Much of the city's appeal stems from its stance as a "very socially progressive and diverse, creative city," which benefits from a state with lower regulation and lower taxes, said Colin Connolly, president and chief executive officer of Cousins.

The largest landlord in its hometown of Philadelphia, Brandywine Realty Trust has been in the Austin market for 15 years. This year, multi-year development begins on a 66 acre site near the domain. The Broadmoor campus, which will be anchored by an IBM complex, is expected to be completed in about 10 years and will cost about $ 3 billion. Planners say it will fill the area with an uptown vibe, combining office, residential, and retail space in at least 11 acres of parks.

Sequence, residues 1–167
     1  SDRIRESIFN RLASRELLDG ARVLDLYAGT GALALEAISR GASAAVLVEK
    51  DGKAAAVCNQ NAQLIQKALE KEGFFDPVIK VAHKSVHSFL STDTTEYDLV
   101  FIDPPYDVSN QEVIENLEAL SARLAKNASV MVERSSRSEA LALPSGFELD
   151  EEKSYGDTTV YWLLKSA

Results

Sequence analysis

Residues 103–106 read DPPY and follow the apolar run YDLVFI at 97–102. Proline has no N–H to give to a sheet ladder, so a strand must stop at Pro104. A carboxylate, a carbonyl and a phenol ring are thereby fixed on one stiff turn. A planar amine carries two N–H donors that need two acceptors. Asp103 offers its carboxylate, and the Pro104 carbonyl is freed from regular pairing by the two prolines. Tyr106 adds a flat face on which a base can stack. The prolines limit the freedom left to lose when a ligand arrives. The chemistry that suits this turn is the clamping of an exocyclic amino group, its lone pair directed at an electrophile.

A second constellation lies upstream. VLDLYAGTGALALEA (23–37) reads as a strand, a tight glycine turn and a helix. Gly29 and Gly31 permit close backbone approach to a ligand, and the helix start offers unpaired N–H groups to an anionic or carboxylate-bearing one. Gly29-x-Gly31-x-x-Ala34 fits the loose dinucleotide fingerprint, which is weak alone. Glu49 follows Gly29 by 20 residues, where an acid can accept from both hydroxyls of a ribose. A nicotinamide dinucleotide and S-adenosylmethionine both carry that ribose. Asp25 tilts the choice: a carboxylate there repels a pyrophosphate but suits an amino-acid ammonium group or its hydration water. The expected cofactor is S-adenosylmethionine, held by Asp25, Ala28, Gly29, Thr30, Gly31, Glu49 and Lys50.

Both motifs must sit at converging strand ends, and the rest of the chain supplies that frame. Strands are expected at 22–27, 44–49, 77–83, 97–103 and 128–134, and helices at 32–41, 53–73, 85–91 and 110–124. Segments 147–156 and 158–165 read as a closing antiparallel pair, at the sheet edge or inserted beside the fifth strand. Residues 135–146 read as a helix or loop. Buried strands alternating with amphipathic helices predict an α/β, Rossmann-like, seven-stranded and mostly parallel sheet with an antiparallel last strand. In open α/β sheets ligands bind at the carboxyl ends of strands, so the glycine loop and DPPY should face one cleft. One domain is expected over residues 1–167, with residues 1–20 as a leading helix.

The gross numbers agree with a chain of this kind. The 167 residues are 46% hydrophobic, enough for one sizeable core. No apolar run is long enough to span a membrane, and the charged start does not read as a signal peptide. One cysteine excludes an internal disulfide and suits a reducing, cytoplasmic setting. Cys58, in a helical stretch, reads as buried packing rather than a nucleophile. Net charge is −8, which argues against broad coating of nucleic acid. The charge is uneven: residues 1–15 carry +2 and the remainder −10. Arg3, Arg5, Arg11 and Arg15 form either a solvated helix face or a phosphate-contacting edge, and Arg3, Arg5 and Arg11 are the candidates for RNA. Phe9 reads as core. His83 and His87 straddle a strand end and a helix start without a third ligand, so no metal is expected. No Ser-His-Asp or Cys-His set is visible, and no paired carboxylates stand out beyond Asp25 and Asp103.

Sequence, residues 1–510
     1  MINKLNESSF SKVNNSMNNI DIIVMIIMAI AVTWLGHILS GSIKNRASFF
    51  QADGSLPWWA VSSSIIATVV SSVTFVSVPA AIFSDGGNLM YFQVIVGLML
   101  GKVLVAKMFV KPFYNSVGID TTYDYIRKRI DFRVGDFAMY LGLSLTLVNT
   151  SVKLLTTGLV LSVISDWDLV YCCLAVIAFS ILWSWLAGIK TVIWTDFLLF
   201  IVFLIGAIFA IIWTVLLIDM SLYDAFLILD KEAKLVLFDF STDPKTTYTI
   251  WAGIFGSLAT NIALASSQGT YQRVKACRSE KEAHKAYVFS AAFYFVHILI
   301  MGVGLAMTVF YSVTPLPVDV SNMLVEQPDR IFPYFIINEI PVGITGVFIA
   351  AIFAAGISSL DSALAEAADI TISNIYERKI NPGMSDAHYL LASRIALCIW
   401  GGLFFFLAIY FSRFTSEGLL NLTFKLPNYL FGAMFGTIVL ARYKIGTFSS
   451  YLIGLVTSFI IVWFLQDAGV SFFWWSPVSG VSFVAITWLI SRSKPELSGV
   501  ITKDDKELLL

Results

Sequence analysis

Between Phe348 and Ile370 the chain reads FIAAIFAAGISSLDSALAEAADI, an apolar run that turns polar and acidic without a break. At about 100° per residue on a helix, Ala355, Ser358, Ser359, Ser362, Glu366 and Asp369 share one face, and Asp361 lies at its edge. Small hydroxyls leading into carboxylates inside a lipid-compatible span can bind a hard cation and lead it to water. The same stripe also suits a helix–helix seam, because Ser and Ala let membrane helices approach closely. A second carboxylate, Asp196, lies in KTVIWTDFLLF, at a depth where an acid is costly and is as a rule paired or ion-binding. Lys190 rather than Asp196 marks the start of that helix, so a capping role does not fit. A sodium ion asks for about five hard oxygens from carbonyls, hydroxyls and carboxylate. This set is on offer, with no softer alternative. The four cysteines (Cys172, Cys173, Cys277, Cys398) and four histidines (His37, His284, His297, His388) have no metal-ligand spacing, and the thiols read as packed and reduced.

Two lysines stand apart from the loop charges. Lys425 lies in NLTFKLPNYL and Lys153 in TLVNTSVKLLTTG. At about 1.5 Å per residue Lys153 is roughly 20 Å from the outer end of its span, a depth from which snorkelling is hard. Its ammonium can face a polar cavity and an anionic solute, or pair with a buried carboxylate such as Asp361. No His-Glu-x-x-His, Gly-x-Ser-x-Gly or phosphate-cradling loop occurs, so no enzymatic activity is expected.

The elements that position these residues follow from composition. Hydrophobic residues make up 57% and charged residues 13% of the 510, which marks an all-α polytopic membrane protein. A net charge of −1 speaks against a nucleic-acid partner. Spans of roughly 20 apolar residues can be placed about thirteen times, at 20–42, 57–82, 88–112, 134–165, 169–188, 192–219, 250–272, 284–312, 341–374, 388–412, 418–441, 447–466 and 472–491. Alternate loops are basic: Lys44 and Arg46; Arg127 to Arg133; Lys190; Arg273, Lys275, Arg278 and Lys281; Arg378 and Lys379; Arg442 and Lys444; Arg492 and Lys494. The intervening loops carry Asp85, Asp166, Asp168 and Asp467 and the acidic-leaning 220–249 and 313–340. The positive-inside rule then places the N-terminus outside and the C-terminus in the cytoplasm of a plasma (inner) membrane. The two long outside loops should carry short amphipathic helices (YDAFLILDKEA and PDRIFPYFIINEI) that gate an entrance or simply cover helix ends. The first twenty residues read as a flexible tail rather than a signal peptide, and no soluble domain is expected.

The company is also close to completing the 405 Colorado, a 25-story office tower that will house tenants starting this summer.

"People believe in the long run that Austin is and will continue to be on the move," said William D. Redd, executive vice president and senior managing director of Brandywine. "If you're a large investment firm, you want to be a part of this action."